Released while he was still in the band, Steve Hackett’s debut solo album, Voyage of the Acolyte, is the Genesis album that wasn’t. Even the cover art is reminiscent of the style used on the covers of Foxtrot and Selling England By the Pound. Following Peter Gabriel’s departure from the band after the over-indulgent The Lamb Lies Down on Broadway Hackett released this hauntingly beautiful album in which his remaining Genesis bandmates Rutherford, Collins & Banks contributed to in various ways shapes and forms.
The album at different times offers glimpses into what the post-Gabriel Genesis would sound like (at least initially) and at other times shows glimpses of what Genesis COULD HAVE sounded like following Peter Gabriel’s departure had Hackett been granted more creative control on the first two post-Gabriel studio albums (A Trick of the Tail and Wind & Wuthering). Instrumentally the Genesis influences are so unmistakable that one might be left wondering if some of this material might have ended up on a Genesis album had Peter Gabriel NOT left.
Hands of the Priestess Pts. 1 & 2 features some beautiful flute solos reminiscent of Peter Gabriel’s solo in Firth of Fifth (from Selling England By the Pound). And throughout, Hackett dares to defy the stereotype that progressive rock lacks emotion. There’s a poignant beauty throughout both pieces that leaves the listener wanting for more.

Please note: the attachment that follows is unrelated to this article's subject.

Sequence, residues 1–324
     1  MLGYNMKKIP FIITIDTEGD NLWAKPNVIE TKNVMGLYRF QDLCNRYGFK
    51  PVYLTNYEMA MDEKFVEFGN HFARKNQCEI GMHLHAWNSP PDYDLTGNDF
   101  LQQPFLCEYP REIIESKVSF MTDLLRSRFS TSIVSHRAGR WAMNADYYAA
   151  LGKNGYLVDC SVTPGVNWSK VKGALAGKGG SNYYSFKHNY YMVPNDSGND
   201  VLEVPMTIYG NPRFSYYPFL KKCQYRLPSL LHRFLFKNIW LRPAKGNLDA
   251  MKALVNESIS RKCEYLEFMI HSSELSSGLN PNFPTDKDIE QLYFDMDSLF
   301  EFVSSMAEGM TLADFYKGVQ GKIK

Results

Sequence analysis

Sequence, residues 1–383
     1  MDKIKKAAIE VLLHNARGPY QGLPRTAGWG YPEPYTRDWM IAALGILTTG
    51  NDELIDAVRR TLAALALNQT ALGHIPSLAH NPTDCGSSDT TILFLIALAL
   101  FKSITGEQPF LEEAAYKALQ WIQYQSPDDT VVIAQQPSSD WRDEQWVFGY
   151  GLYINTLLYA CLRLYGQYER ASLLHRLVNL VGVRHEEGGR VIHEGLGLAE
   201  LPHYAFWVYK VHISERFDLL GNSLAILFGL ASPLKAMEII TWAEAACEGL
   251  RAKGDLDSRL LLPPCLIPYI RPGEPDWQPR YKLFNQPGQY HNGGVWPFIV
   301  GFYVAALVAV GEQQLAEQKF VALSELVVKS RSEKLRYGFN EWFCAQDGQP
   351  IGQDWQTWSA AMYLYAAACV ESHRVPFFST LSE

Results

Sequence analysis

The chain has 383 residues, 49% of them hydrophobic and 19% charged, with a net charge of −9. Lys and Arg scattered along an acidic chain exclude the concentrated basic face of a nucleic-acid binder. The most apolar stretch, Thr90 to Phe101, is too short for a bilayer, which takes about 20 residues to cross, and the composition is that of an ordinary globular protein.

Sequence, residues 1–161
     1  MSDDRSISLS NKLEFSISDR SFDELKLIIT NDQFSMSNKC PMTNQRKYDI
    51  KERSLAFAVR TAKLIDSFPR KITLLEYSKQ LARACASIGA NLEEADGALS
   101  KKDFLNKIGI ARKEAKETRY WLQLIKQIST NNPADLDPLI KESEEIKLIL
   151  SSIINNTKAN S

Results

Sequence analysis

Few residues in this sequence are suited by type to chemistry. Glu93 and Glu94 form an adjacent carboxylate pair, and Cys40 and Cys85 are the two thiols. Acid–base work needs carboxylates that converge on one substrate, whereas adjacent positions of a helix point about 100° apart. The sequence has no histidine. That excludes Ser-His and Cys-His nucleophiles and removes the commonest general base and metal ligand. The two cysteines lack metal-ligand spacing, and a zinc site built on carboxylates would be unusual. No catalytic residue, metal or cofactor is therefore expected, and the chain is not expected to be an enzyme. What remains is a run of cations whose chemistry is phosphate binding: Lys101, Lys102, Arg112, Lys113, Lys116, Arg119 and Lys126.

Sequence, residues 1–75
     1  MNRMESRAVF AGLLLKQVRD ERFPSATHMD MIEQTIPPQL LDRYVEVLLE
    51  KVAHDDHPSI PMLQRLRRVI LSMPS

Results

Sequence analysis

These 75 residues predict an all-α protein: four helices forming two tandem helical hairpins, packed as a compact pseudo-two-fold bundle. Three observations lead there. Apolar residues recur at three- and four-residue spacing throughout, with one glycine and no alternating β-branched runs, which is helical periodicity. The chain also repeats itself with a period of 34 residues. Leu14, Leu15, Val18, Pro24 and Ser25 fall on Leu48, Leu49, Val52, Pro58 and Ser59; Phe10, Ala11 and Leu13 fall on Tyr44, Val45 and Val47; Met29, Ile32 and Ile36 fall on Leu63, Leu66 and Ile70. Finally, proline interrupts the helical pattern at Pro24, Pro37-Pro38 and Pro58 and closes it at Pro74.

A Tower Struck Down is more a preview of the musical offerings that Hackett would release following his own departure from Genesis a few years after Peter Gabriel than anything Genesis might have recorded during or after Gabriel’s tenure in the band.
Star of Sirius features guest vocals by Phil Collins and would not have sounded out of place on A Trick of the Tail. Hackett’s guitar is gentle and understated allowing Collins vocals to carry the song and at the same time providing a gentle accompaniment to those vocals.
The album closes with Shadow of the Hierophant a nearly 12 minute epic that starts softly and gradually crescendos with increasing intensity and volume before fading to silence in a gentle anti-climax.
For fans of the classic Peter Gabriel era Genesis this is a must have. It’s largely a musical bridge between The Lamb Lies Down on Broadway and A Trick of the Tail. While predominantly instrumental the musical themes have a distinct Genesis sound.
Related LinksSteve Hackett Voyage of the Acolyte (Wikipedia)
Steve Hackett Voyage of the Acolyte (Allmusic.com)
Steve Hackett (Official Site)
Steve Hackett (Wikipedia)